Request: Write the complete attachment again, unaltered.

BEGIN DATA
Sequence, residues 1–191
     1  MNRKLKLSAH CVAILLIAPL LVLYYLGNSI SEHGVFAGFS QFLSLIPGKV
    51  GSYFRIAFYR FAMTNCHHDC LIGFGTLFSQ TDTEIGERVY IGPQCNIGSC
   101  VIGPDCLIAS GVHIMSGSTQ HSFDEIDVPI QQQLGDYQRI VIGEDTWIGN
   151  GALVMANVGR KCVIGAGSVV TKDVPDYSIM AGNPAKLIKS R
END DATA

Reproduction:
Sequence, residues 1–191
     1  MNRKLKLSAH CVAILLIAPL LVLYYLGNSI SEHGVFAGFS QFLSLIPGKV
    51  GSYFRIAFYR FAMTNCHHDC LIGFGTLFSQ TDTEIGERVY IGPQCNIGSC
   101  VIGPDCLIAS GVHIMSGSTQ HSFDEIDVPI QQQLGDYQRI VIGEDTWIGN
   151  GALVMANVGR KCVIGAGSVV TKDVPDYSIM AGNPAKLIKS R